Conditions for social workers are worse in Israel than elsewhere in the Western world, Anglo professionals said yesterday, as the nationwide strike of the country's social workers concluded its second week. As the Finance Ministry and the social workers' union inched closer to an agreement this week, all social workers interviewed for this article - even those who are not striking - said the workers' demands are entirely justified.
"I don't think that people who do so much, who put in so many hours and are so dedicated to improving Israeli society should be paid sometimes less than the people they serve," said South African-born Michael Mensky, who co-owns a social work company with 40 employees.
While social work is not a top-paying job anywhere, the situation is especially grave in Israel, the 50-year-old said. "Certainly in the countries that I know, social work is far more respected and well-paid than in Israel. Social workers here have difficulties in getting society to understand what they really do because a lot of what happens in social work is on the sidelines of mainstream society."
New York native Stefanie Black, who works for several nonprofits, says some of her colleagues are dependent on welfare money because they can't make ends meet with their salaries. "It's just a disgrace," she told Anglo File. "In America, social workers also don't make a lot of money. But there, you're not talking about being unable to meet your monthly expenses."
Hedva Fox, a Modi'in-based social worker who grew up in Cleveland, agrees: "Here a social worker on a regular salary wouldn't be able to make it, and certainly not be able to support her children, unless she worked for the National Insurance Institute or the Defense Ministry, some of the high-end places. In the other places, you're bringing home, four to five thousand shekels [a month] - if you're lucky."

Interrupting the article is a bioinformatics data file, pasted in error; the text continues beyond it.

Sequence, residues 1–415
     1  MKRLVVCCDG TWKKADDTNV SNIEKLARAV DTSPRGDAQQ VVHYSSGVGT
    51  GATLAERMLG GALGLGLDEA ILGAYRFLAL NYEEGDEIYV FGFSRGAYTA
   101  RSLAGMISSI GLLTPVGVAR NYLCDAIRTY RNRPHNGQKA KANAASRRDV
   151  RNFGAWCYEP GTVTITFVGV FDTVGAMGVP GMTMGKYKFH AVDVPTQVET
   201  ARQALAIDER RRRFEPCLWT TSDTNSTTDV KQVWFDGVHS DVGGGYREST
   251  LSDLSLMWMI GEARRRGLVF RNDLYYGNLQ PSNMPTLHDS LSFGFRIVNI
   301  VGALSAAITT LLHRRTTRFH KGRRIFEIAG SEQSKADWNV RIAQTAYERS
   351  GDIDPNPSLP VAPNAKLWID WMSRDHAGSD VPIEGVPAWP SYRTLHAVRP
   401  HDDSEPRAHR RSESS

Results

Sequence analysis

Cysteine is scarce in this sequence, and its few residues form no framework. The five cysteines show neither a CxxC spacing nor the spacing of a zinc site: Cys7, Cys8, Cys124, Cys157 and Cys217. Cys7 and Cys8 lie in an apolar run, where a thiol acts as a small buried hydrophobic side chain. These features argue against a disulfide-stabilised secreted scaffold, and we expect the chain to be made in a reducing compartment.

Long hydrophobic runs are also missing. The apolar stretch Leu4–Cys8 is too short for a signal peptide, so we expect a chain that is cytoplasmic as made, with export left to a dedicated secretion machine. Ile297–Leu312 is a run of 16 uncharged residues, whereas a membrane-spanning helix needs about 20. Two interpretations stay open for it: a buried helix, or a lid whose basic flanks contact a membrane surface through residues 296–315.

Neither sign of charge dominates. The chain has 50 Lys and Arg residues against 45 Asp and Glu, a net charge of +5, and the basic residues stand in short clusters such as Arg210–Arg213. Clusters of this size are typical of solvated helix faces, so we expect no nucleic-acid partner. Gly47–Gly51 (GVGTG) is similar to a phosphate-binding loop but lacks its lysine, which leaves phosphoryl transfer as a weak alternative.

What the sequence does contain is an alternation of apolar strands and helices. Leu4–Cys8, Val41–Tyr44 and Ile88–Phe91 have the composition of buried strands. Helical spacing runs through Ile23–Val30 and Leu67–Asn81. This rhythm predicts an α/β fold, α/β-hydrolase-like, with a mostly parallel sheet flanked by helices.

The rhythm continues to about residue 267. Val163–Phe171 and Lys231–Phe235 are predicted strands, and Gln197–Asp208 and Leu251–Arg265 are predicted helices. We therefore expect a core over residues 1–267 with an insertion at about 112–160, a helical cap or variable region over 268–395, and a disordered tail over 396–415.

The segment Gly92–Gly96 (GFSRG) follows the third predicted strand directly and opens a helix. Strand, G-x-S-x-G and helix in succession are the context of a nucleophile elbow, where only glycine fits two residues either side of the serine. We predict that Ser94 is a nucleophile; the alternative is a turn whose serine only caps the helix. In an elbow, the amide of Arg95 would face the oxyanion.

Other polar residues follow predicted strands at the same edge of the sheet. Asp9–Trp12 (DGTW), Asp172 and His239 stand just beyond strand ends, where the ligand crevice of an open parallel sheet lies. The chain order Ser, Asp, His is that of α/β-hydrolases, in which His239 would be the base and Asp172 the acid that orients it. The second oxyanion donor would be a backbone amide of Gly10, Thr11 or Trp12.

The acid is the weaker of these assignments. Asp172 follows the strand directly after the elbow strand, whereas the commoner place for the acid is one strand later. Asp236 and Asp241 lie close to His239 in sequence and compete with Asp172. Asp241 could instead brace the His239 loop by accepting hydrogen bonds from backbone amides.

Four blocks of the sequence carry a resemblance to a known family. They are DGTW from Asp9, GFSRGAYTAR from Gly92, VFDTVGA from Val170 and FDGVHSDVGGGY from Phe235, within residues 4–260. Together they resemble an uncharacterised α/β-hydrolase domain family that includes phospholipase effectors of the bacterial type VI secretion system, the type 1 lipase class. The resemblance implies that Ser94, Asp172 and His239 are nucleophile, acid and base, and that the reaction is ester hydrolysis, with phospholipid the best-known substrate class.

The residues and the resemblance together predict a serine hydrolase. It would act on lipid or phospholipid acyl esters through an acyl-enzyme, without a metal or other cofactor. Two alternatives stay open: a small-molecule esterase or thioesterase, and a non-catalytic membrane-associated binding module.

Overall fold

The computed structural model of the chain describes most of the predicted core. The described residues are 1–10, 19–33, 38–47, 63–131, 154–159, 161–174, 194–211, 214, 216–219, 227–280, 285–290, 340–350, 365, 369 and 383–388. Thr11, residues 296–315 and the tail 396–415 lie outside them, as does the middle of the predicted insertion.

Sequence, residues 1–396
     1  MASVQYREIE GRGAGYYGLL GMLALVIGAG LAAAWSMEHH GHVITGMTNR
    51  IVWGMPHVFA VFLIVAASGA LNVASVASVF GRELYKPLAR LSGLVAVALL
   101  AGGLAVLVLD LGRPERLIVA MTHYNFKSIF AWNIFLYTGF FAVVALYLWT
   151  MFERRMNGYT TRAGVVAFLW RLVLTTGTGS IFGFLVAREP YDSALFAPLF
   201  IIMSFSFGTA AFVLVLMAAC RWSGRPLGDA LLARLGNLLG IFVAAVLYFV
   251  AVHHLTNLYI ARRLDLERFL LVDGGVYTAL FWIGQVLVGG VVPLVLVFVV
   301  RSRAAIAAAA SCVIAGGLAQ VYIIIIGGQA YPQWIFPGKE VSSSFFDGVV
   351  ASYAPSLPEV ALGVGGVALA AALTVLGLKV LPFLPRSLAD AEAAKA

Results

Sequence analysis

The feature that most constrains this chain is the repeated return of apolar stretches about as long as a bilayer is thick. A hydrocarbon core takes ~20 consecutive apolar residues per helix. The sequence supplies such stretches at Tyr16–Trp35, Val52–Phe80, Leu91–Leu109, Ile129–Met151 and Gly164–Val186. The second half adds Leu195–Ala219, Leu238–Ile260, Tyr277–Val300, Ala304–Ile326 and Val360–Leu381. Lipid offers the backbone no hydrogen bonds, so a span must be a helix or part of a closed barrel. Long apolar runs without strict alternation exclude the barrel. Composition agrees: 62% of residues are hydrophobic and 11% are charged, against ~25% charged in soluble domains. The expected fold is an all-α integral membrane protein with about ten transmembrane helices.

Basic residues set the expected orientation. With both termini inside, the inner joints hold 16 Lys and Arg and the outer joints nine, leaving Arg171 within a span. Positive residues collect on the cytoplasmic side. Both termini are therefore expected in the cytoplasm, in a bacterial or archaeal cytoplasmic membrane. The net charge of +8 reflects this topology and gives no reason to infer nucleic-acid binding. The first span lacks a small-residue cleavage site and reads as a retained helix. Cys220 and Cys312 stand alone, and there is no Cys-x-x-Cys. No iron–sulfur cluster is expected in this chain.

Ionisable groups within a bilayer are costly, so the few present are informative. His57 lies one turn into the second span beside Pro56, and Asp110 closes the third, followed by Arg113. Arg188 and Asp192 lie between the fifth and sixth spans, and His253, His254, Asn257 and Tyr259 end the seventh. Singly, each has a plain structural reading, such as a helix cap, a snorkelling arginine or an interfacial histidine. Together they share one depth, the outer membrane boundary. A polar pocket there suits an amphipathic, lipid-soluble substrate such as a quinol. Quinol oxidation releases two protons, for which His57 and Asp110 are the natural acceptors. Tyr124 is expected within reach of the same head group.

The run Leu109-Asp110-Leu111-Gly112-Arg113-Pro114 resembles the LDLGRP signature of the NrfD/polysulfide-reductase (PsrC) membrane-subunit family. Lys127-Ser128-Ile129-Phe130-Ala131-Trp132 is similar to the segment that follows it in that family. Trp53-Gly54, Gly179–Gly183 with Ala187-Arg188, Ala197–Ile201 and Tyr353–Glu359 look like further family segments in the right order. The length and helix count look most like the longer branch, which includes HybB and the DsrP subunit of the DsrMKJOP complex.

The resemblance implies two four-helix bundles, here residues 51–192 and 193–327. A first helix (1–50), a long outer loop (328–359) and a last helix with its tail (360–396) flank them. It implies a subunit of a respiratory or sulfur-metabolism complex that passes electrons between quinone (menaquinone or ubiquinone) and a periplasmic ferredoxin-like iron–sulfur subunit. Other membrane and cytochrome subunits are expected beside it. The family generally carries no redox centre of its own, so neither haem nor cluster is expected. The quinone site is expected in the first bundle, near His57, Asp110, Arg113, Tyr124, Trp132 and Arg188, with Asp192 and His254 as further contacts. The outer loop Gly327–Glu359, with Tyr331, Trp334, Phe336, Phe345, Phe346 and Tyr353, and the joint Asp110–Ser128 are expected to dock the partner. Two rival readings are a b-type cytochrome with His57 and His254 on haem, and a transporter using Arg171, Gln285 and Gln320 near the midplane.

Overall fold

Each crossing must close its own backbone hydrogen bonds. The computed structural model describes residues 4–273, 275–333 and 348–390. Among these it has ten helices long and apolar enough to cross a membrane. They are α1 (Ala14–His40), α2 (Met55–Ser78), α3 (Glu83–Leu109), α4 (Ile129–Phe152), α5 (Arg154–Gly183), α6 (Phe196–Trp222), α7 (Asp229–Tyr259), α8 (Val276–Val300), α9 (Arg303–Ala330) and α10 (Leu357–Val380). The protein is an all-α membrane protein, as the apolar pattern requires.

Some social workers also have incredibly demanding workloads, which makes it difficult for them to be effective at all, added Black, who lives in the Upper Galilee. "I had a student who started working in the Arab sector in Jerusalem. As a family worker, she had 300 cases. You're so overwhelmed, it's just impossible. You get to point where you're tired and just don't want to do it anymore. So your clients get a disservice, that's very problematic."
Fox, who is not allowed to strike because she works for a nonprofit, says she supports the strike because social workers' pay is not proportional to the difficult working conditions. "You're exposed to terrible traumas; the job takes an emotional toll on us. We also often work in unsafe places, such as dangerous neighborhoods and psychiatric wards."
Veteran social worker Robyn Kanichowsky, who moved from South Africa to Ra'anana nearly 20 years ago, says the strike was long overdue. "For 17 years, we've been suffering in silence," she said. "I net NIS 3,500, I've got five kids to support, I have to have four other jobs, and sometimes I work 20 hours overtime a month without pay."
Most people interviewed for this article were satisfied that the two-week strike is apparently nearing an end, with the two parties about to sign an agreement bringing social workers a salary increase.
"They probably won't get everything they want but will still get a significant raise," said Fox.
"The strike has already been three-quarters successful," agreed Black, explaining that the two parties have basically agreed that state-employed social workers should earn about NIS 7,500. The social workers' union is trying to include employees of nonprofits in that agreement as well. "If the strikers hold out, chances are that they include nonprofits for at least some degree of improvements," Black said.
But Kanichowsky said the anticipated gains the strike might bring aren't far-reaching enough. "The new [proposed] agreement seems all hunky-dory but it's not really, because they don't give us a lot of consideration," she told Anglo File. "I work 40 hours week, and according to the agreement I should give even more hours."
Still, Kanichowsky added that she would still never dream of looking for a different job. "I'm a social worker in my blood; I would never, ever give it up. I love the work that I do. I feel like I work in a casualty department every day but unfortunately we're being forced out of the field [by poor working conditions]."
Regardless of the outcome, the strike was successful in one intangible area, Black said. "We're usually depicted as the people who take the children away from the parents, those who haven't intervened properly so the abused wife gets murdered - we're always at the negative end of the story. Now people are realizing that we contribute a valuable service and we're important and that we deserve better conditions. That in itself has been a success."
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